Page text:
Excellent resolution and detail, and nearly accurate color.
The G600's Auto white balance setting did
a good job here, producing nearly accurate color and white values with
only a hint of a warm cast. The Daylight
setting resulted in a warmer cast, though results weren't too bad. Resolution
is very high, and detail is strong in the tree limbs, front shrubbery,
and house front. (The G600's six-megapixel CCD really stretches the limits
of this poster as a test target. Even though the poster was made from
a 500MB scan of a 4x5 negative shot with a tack-sharp lens, the G600 extracts
almost all of the detail that's to be found here.) Details are also sharp
throughout the frame, without any noticeable softness in the corners.
Excellent resolution and detail, with a good dynamic range.
This image is shot at infinity to test far-field lens performance. NOTE that this image cannot be directly compared to the other "house" shot, which is a poster, shot in the studio. The rendering of detail in the poster will be very different than in this shot, and color values (and even the presence or absence of leaves on the trees!) will vary in this subject as the seasons progress. In general though, you can evaluate detail in the bricks, shingles and window detail, and in the tree branches against the sky. Compression artifacts are most likely to show in the trim along the edge of the roof, in the bricks, or in the relatively "flat" areas in the windows.
This is my ultimate "resolution shot,"
given the infinite range of detail in a natural scene like this, and the
G600 does a great job. Leaf patterns are clear and distinct in the tree
limbs over the roof, as well as in the fine foliage in front of the house.
The brick pattern and house trim also show a lot of fine detail with good
clarity. In-camera sharpening does a good job here, with crisp details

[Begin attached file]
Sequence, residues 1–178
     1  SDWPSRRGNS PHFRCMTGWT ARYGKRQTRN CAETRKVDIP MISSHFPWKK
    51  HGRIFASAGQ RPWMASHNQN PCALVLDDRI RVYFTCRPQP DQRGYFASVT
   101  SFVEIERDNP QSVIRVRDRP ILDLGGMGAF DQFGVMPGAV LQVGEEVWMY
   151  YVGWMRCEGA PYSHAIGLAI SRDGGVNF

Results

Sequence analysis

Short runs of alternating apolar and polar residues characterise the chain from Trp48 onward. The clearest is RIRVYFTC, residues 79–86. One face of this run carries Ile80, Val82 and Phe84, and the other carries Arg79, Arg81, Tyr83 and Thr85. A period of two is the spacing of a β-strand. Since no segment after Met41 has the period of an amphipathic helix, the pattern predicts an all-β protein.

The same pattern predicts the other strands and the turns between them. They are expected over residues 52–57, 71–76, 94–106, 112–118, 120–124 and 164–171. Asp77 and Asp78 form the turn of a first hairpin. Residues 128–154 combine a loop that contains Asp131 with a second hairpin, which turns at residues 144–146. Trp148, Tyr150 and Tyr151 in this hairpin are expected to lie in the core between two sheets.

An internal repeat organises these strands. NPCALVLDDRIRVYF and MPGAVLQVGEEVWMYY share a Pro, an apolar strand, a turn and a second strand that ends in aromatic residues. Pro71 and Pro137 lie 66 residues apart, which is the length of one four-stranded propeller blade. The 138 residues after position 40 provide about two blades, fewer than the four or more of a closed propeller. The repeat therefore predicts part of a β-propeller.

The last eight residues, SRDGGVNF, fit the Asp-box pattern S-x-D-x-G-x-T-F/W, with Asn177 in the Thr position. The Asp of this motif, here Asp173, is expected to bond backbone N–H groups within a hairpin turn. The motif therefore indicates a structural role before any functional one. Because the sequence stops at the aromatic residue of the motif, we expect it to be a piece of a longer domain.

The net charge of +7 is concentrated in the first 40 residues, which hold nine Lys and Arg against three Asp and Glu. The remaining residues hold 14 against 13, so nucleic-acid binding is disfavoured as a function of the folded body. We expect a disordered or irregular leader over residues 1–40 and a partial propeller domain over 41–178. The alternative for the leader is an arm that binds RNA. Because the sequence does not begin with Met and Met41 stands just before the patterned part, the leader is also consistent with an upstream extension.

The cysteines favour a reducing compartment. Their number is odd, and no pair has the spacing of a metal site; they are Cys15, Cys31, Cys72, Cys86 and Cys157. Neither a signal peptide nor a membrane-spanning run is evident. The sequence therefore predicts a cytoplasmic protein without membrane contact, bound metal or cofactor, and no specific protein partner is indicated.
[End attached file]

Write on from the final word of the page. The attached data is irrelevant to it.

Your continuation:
throughout the frame and little sign of over-sharpening. (And further
strong, tight unsharp masking in Photoshop(tm) produces very nice results.
- Try 0.3 pixel radius and 150%, for example.) The top right corner of
the image shows a little softness, but by and large the G600's images
are uniformly sharp across the entire frame. The camera loses some detail
in the bright white paint surrounding the bay window, but handles the
shadow area above the front door very well. Overall color is good, and
exposure is about right. The table below shows a standard resolution and
quality series, followed by ISO, saturation, contrast, and color series.
Lens Zoom Range
A typical 3x zoom range.
I routinely shoot this series of images to show the field of view for each camera, with the lens at full wide angle, at maximum telephoto (3x, in this case), and at full telephoto with the digital zoom enabled. The G600's lens is equivalent to a 39-117mm zoom on a 35mm camera. That corresponds to a slightly conservative wide angle to a moderate telephoto. Following are the results at each zoom setting.
A slight red color cast, but great resolution and detail.
This shot is often a tough test for digicams, as the abundance of blue
in the composition frequently tricks white balance systems into producing
a warm color balance. The G600's Auto white
balance setting did the best job here, despite a slight red cast. (The
Daylight setting produced a stronger red cast.) Though the red color
cast isn't as strong with the Auto setting, the blue background and robe
have purplish tints. Resolution is excellent, as the embroidery of the
blue robe and on the red vest show a lot of fine detail. (The original
data file for this poster was only 20MB though, so cameras like the G600
are definitely capable of showing more detail than the poster has in it.)
A small macro area with good detail in the dollar bill. Flash performs pretty well, though with some falloff along the bottom of the frame.
The G600 did very well in the macro category, capturing a minimum area
of only 1.90 x 1.42 inches (48 x 36 millimeters). Resolution is high,
and detail is strong in the dollar bill. However, the coins and brooch
are soft due to the very short shooting distance (and probably some softness
in the corners as well). As with most digicam macro modes, the image here
is fairly soft in the corners, blurring the details of the dollar bill
slightly. The G600's flash throttled down very
well for the macro area, though its position on the camera is a little
high, resulting in a shadow in the lower portion of the frame.
"Davebox" Test Target
Good overall exposure, though a somewhat reddish color cast.
The G600's Auto white balance setting produced
warm color here, though results were better than the stronger red cast
of the Daylight setting. Exposure is good,